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Putting woes make laidback Dufner boil on the inside

Jason Dufner of the U.S. hits his tee shot on the fourth hole during third round play in the 2013 Masters golf tournament at the Augusta Nat
Jason Dufner of the U.S. hits his tee shot on the fourth hole during third round play in the 2013 Masters golf tournament at the Augusta Nat

(Reuters) - Because of his unflappable and ultra-laidback persona, you would never guess it but Jason Dufner has been seething inwardly for much of this year while continually struggling with his putting.

The American world number 20, who defends his title at the Byron Nelson Championship in Irving, Texas, this week, has not recorded a single top-10 finish in 11 starts on the U.S. circuit this season, mainly because of his poor form on the greens.

"I don't show it, but obviously it's going on inside," the seemingly emotionless Dufner told reporters on Wednesday while preparing for Thursday's opening round at the TPC Four Seasons Resort Las Colinas.

"I've played a lot of rounds this year with frustration and anger on my mind. It's not much fun shooting 74s and 75s ... that kind of throws your tournaments off.

"I've got a good way of hiding the good and the bad, but there has been more anger and frustration this year than there was last year, for sure."

Just over 12 months ago, Dufner produced a purple patch of form that resulted in two PGA Tour victories in three weeks, a run highlighted by his marriage to girlfriend Amanda on the Saturday after his first triumph at the New Orleans Classic.

This year, however, he has battled, missing two cuts in his first seven events and finishing no better than joint 12th at the WGC-Cadillac Championship in March.

"Putting really kind of beats me down throughout the week of 72 holes," said Dufner, who languishes 153rd in the PGA Tour's 'strokes gained - putting' charts after placing 78th in that category in 2012.

"Even when I play good rounds, I feel like I've left numerous, makeable putts, so I've got to get better at putting.

"Through the week, when you're continually feeling like you're shooting the highest score that you can each day, that beats you up pretty good."

WHEN PUTTS DROP

Dufner, who closed with an 80 at last week's elite Players Championship where he tied for 62nd, knows as well as anyone that titles can only be won when the putts start to drop.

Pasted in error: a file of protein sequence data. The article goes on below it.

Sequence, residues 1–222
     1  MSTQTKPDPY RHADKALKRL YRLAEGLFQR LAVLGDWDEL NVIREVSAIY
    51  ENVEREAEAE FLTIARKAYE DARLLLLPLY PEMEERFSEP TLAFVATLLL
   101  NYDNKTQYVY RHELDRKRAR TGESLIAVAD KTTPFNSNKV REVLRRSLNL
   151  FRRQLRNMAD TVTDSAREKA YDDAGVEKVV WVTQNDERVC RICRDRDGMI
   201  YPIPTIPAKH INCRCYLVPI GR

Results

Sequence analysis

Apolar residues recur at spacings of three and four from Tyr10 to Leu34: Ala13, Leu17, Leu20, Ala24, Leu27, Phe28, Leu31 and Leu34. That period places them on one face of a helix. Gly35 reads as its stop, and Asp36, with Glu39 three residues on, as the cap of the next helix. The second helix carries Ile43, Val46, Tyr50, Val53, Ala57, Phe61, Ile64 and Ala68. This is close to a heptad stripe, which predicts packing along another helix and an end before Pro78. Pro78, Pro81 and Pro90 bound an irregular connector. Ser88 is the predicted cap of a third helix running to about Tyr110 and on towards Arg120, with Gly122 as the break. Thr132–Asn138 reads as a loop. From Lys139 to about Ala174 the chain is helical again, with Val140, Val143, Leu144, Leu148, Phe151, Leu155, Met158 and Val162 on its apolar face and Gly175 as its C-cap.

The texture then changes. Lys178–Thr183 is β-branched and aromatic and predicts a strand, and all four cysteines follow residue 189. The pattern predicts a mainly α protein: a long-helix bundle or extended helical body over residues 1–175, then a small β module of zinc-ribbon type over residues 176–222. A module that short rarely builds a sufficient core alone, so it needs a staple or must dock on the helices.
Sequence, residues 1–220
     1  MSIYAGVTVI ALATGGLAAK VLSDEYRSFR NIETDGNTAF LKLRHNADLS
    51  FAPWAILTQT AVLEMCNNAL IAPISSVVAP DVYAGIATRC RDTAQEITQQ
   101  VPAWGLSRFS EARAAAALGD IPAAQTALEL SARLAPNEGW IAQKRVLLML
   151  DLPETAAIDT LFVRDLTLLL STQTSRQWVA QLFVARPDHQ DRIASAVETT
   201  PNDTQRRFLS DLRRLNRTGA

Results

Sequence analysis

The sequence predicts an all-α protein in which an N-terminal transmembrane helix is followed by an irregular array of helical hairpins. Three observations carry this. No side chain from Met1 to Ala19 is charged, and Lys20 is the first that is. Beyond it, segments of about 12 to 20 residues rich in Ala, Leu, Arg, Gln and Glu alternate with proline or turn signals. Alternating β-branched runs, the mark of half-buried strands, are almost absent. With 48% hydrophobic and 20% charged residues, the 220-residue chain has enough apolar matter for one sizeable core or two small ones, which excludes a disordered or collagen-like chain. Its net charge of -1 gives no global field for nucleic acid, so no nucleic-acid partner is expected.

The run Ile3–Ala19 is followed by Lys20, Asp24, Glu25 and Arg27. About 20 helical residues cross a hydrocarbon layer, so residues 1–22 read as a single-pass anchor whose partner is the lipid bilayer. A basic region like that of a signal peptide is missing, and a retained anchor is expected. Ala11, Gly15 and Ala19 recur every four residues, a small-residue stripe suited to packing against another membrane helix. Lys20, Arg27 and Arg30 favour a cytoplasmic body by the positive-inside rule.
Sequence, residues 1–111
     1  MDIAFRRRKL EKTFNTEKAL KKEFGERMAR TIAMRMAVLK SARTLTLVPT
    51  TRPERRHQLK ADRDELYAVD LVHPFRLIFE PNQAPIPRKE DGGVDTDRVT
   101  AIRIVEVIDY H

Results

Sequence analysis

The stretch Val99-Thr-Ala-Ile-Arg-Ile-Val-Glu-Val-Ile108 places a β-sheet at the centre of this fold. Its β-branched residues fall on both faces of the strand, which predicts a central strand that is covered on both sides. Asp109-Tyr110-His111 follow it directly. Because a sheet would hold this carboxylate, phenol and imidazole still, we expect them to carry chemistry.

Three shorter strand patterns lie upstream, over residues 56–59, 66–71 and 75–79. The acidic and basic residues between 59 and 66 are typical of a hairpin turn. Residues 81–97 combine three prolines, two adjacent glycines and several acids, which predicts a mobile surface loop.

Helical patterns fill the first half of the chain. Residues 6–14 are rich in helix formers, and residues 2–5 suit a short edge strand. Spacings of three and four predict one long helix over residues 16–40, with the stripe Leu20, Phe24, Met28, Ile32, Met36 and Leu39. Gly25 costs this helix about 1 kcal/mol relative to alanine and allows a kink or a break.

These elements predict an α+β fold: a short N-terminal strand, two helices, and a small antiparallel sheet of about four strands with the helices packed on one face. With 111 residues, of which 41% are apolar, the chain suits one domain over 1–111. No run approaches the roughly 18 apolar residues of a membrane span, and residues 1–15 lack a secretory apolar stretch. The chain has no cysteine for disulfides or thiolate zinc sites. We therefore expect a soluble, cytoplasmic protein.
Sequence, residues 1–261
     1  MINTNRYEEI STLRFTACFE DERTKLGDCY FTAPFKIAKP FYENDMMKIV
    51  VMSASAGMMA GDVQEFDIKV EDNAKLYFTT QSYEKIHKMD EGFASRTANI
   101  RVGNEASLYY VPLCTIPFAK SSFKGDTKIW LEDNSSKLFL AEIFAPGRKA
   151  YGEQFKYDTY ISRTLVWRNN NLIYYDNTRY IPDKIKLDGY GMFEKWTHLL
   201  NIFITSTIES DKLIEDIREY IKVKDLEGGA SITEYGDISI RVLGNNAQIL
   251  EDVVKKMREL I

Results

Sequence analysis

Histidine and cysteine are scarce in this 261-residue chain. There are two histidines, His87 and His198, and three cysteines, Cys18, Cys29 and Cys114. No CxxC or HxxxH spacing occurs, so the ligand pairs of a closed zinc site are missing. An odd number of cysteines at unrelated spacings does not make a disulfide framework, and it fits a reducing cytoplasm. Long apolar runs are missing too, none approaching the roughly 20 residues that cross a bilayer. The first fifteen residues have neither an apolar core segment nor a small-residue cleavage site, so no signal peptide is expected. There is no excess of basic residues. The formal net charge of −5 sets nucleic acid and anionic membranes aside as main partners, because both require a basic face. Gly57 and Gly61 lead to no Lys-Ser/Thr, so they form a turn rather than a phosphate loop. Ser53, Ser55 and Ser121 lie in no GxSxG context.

Three weeks after clinching his maiden PGA Tour title at the 2012 New Orleans Classic, he sensationally drained a 25-foot birdie putt on the 72nd hole to clinch victory by one shot at the Byron Nelson Championship.

"It was a little bit right-to-left, downhill. I just had a really good feel for that putt," Dufner, 36, recalled. "Two wins in a month and to get married on top of it all. You couldn't really ask for much more, personally or professionally."

Since those heady days on the PGA Tour, the laidback Dufner has become something of a cult figure - largely because of the 'Dufnering' craze which has gone viral on social networking websites in recent weeks.

Two months ago, Dufner visited a school in the Dallas area to help promote the Byron Nelson Championship and a picture was taken of him apparently nodding off as he lay with his back to a wall, arms by his sides and legs stretched out in front of him.

"I was just sitting and somebody decided to take a picture and put it on the internet," he explained. "The guys on Tour had a go at it with me and then it went viral through Twitter and social media and websites, so it's been good exposure for me.

"I didn't take it too seriously. Like most things in my life, I don't take things too seriously. But it's been a good response and I think people have had a kick out of it."

Asked what had been the most unusual 'Dufnering' picture he had seen, Dufner replied: "One guy did it up in, I think it was a C-130, where they transport tanks for the military.

"They had the back hatch down and he was sitting on the edge and they were up 20, 30,000 feet in the air. That was a unique spot to do it."

Dufner will launch his Byron Nelson Championship title defense on Thursday in the company of fellow Americans Matt Kuchar and Keegan Bradley.

(Reporting by Mark Lamport-Stokes in Los Angeles; Editing by Frank Pingue)

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